All sources should be cited in the text using a parenthetical citation Reference all sources using both in-text citations (author, date) and a full reference list. Each work that is cited in the text must appear in the reference list and vice versa.

In-Text Citations

For in-text citations, set the source off from the rest of the text using parenthesis marks. Make sure you clearly indicate where in the text the citation belongs.

Include up to two authors’ last names and the publication year separated by a comma:

  • The data were summarized accordingly (Smith and Johnson, 2020).

For three or more authors, include the first author and the term “et al.” before the date:

  • This was further demonstrated in the study (Garrison et al., 2018).

When citing multiple references in one line, separate the sources with a semicolon.

  • Numerous studies have shown similar results (Marquez et al., 2019; Roberts and Shah, 2017; Billings et al. 2021).

Reference List

We prefer for references to be combined in a single list at the end of each chapter (if your publication has chapters) or at the end of the manuscript. Reference lists should be organized alphabetically by the first author’s last name.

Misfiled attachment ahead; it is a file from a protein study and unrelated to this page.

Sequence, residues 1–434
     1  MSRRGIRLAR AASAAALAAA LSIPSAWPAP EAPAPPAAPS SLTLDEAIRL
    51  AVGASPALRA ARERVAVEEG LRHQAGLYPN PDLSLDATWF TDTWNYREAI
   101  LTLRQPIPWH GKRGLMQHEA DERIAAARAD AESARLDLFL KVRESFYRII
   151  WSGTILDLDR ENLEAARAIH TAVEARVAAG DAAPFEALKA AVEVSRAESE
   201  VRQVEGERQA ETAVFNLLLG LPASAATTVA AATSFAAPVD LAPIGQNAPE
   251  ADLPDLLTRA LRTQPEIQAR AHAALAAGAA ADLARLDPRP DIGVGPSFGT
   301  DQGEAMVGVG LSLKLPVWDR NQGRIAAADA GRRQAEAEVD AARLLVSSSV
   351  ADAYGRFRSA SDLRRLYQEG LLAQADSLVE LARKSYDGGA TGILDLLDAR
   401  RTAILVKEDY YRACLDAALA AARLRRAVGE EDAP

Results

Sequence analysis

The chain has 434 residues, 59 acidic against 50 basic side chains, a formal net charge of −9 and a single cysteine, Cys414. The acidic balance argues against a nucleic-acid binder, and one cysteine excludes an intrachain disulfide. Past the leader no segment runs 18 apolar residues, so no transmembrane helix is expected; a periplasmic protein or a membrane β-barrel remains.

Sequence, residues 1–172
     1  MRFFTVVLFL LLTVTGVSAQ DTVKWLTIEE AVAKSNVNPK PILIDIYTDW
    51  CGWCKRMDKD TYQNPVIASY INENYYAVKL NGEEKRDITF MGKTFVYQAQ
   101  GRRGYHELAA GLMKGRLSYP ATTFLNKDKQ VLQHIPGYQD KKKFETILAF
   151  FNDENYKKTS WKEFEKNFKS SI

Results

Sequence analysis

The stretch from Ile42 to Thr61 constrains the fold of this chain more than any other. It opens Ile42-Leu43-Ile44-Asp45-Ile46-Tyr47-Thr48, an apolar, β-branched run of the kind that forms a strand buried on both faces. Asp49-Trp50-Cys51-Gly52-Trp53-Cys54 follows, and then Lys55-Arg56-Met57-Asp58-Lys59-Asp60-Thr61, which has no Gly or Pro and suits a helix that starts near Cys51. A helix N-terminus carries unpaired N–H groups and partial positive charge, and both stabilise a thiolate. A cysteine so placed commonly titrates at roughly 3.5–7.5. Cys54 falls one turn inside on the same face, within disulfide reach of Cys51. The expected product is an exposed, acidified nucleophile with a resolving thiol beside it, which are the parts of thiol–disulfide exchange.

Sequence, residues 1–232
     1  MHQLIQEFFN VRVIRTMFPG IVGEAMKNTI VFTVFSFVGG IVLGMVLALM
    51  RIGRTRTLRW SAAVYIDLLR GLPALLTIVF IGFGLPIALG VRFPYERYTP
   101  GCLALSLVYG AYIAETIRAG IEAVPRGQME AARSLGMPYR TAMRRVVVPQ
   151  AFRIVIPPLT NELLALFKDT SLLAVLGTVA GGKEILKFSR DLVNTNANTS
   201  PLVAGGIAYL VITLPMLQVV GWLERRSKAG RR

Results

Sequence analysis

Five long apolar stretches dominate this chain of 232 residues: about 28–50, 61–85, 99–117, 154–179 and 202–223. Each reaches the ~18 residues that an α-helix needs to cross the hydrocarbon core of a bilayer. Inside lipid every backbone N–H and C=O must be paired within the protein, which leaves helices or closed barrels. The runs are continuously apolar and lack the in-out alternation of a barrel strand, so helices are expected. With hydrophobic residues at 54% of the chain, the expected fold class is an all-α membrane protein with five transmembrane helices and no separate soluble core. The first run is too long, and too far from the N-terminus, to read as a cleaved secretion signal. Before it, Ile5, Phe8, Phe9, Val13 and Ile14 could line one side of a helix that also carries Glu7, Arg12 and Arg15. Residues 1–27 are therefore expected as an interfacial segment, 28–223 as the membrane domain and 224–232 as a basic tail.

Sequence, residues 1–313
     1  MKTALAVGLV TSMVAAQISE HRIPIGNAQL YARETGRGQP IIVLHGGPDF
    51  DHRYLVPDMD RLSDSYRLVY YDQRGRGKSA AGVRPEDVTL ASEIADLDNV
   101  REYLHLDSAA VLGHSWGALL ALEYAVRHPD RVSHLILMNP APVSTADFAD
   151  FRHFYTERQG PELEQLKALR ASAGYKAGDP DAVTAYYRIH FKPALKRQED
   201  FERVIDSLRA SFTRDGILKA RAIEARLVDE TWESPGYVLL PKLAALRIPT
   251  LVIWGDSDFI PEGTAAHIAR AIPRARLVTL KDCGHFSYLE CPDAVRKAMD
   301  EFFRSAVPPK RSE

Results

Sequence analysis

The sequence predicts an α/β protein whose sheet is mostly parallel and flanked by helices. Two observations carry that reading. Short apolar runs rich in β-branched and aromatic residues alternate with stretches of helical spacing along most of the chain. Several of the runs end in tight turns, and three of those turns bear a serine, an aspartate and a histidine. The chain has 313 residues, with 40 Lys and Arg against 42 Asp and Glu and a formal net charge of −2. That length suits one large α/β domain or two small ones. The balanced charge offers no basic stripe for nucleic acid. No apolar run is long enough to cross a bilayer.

Although AIHA staff will clean up and format references, it is imperative that you provide all the necessary information about a particular source in the reference list. The following elements are required (and will answer the question posed):

  • Author(s): Who is responsible for this work?
  • Date: When was this work published?
  • Title: What is this work called?
  • Source: Where can I retrieve this work?

Make sure the authors’ names are spelled consistently in the references and the text. All references should be typed double-spaced.

Please refer to the enclosed sample for our preferred reference style.

Essential Forms

[Forms will be linked here]